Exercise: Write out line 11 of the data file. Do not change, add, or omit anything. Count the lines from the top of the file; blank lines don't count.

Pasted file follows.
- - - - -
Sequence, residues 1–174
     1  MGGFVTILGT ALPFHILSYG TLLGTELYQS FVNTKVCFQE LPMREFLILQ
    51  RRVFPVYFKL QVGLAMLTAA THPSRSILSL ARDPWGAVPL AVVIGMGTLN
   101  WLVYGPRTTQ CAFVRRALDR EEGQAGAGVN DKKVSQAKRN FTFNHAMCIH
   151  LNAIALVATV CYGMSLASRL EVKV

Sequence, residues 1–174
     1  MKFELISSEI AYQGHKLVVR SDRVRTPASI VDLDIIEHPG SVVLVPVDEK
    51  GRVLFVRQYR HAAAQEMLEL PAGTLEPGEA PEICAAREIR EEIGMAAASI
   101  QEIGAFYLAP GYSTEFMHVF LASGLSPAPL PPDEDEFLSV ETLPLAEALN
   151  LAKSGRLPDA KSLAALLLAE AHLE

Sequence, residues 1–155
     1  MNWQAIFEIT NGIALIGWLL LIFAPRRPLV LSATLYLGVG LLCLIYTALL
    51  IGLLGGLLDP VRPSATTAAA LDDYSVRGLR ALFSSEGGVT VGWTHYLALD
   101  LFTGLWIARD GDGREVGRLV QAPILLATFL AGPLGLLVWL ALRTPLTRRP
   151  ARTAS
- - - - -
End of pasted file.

Sequence, residues 1–155